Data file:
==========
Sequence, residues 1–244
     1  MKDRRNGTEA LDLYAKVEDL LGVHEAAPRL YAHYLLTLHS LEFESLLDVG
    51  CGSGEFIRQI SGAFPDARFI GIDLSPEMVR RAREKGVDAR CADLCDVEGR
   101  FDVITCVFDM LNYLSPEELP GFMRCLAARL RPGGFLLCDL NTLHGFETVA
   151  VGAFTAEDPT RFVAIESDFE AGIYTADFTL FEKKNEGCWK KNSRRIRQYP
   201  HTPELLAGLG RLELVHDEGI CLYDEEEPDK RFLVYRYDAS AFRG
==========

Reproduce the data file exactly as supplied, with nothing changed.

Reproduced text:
Sequence, residues 1–244
     1  MKDRRNGTEA LDLYAKVEDL LGVHEAAPRL YAHYLLTLHS LEFESLLDVG
    51  CGSGEFIRQI SGAFPDARFI GIDLSPEMVR RAREKGVDAR CADLCDVEGR
   101  FDVITCVFDM LNYLSPEELP GFMRCLAARL RPGGFLLCDL NTLHGFETVA
   151  VGAFTAEDPT RFVAIESDFE AGIYTADFTL FEKKNEGCWK KNSRRIRQYP
   201  HTPELLAGLG RLELVHDEGI CLYDEEEPDK RFLVYRYDAS AFRG